04.28.16

Will You Spot the Markers on an Oncoming Communications Crisis for Your Company?

Public Relations professionals are often asked to predict the future - to know how a message will play before it is released or to figure out when a problem is coming.

PR pros can accomplish this in one of two ways. The first, dumb, way is to assume that everything is a problem. You will eventually be right – even a stopped clock is right twice a day.

The second way is learning to spot the signs of an upcoming communications crisis by identifying areas of communications exposure. With an eye for these markers and a willingness to look globally across communications teams, channels and efforts, you can see problems as they’re coming at your company and be better positioned to respond. (And look like the company soothsayer.)

Marker 1: Strange Social Media Activity

Are you seeing an uptick in social media comments or engagement that seems somewhat negative? Are comments coming from areas outside of your geography? Take this seriously. Social media is how your consumers can communicate directly with you and with the people they influence about your service. Respond to comments professionally and in line with your company’s social media policy, but keep a running list of particular problems.

Marker 2: Vague Media Requests

Sometimes a vague request about a general subject or to speak with a person without much information from a reporter could just be a sign that he or she hasn’t quite narrowed the topic of an article. It could also mean the media outlet is fishing for information or trying to find an in at your company for another, less positive, story. Use your PR skills to try to gather more information about these kinds of requests, so you can decide how best to proceed. Also look at the types of stories the reporter has been covering to help you get some clues.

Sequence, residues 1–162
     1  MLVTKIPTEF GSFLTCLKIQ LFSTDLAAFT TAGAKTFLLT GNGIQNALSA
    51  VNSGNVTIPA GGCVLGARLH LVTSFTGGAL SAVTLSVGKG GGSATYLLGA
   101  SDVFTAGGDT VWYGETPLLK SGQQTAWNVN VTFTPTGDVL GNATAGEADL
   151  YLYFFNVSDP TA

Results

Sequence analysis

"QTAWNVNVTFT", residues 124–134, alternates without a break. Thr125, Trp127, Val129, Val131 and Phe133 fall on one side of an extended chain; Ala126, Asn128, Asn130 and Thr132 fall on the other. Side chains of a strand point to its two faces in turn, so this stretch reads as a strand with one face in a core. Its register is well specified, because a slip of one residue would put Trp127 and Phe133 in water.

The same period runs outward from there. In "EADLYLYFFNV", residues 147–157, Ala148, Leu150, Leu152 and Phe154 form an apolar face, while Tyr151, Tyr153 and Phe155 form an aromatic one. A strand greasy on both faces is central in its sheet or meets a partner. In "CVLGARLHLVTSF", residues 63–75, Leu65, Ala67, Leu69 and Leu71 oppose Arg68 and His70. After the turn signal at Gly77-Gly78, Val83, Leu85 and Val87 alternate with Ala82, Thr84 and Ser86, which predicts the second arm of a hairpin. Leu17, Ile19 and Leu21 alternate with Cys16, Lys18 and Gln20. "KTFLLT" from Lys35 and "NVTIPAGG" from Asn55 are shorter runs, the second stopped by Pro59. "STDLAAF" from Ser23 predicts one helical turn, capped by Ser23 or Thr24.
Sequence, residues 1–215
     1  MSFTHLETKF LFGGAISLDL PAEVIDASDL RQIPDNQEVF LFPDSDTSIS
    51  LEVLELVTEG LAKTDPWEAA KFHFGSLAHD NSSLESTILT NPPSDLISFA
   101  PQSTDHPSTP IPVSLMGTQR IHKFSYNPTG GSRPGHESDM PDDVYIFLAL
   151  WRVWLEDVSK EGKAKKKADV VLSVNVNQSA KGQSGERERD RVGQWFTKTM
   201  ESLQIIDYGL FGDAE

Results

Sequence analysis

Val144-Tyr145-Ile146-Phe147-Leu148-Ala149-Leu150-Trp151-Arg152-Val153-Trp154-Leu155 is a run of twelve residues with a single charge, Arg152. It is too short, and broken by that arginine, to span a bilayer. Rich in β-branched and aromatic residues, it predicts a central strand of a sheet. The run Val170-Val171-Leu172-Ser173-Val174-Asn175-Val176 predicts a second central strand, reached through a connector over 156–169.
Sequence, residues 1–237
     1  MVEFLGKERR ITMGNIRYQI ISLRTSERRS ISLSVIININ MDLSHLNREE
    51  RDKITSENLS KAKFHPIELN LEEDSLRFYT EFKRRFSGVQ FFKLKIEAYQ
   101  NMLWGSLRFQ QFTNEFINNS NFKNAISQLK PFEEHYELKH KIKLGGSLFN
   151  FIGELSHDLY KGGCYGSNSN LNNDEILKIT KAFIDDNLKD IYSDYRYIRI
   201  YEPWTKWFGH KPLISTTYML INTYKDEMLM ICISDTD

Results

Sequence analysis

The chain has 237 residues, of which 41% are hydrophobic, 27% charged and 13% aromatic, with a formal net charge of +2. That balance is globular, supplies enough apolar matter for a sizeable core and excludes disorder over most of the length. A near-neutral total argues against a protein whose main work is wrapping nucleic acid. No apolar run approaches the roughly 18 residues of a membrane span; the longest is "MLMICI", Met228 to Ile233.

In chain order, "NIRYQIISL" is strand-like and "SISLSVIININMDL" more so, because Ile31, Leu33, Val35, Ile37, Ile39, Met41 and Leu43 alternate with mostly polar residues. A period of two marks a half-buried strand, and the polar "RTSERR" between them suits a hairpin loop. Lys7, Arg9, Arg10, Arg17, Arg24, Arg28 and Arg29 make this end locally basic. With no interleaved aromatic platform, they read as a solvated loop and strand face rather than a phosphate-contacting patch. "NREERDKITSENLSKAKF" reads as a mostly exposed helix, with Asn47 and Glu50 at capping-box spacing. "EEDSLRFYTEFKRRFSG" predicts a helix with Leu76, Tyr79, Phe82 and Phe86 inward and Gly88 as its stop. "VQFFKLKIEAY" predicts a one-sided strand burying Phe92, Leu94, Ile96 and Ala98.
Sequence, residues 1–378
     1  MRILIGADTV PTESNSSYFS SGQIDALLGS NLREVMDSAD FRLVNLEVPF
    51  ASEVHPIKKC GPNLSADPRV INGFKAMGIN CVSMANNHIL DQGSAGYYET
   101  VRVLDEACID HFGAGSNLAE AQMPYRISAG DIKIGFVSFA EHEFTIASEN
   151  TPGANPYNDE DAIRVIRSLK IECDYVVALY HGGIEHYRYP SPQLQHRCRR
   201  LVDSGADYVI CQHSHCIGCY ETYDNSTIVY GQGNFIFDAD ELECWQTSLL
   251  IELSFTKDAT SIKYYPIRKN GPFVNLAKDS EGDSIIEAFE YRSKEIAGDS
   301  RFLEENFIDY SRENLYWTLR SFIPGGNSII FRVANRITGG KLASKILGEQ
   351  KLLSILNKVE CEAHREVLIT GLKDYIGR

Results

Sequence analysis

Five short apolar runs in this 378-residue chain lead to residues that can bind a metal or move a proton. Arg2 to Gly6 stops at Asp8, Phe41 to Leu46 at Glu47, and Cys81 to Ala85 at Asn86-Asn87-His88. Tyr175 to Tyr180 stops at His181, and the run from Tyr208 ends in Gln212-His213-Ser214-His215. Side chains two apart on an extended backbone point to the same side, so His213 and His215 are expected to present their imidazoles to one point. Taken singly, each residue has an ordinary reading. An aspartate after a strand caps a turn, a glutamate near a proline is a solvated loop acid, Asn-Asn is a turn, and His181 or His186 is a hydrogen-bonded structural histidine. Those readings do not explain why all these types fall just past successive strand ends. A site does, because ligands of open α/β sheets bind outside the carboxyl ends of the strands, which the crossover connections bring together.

Marker 3: Emails, Calls, Letters

Has your hotline seen a spike in calls or are more emails landing in your customer service inbox? This could be a sign of trouble. You should be tracking the topics of customer service calls and also of having chats with the people who answer your calls and emails to get a sense of what the complaints or concerns are about. Remember: your customer service folks are the face of the company to your customers or users. Arm them with good information, and let them help you spot problems.

Marker 4: Verbatim Concerns

Are you seeing a deluge of feedback that uses identical or nearly verbatim language? This is likely not a coincidence. This could be a sign that an organization or cause has armed its followers or members to write to you. Sometimes it could be a tool that blast off emails or comments. But if you’re noticing key phrases pop up in comments or feedback from consumers, someone may be coordinating it.

Marker 5: New Faces

If you’ve been dealing with certain people from stakeholder groups or media outlets for a while and all of the sudden new or different people are involved, this could be a sign that your relationship is changing. For example, if you work with a business reporter normally, but now the investigative producer is calling…that’s a sign something could be up. If local representatives from a stakeholder group suddenly are replaced in conversations by higher ranking people in the organization…that could mean that the issue is a higher priority for that group. Proceed in a friendly but cautious way until you figure out what is going on.

If you see some or all of these markers swirling around you, a crisis that you’ll have to communicate about might be around the corner. Take the approach of looking for signs across departments and teams, and your company can be prepared.

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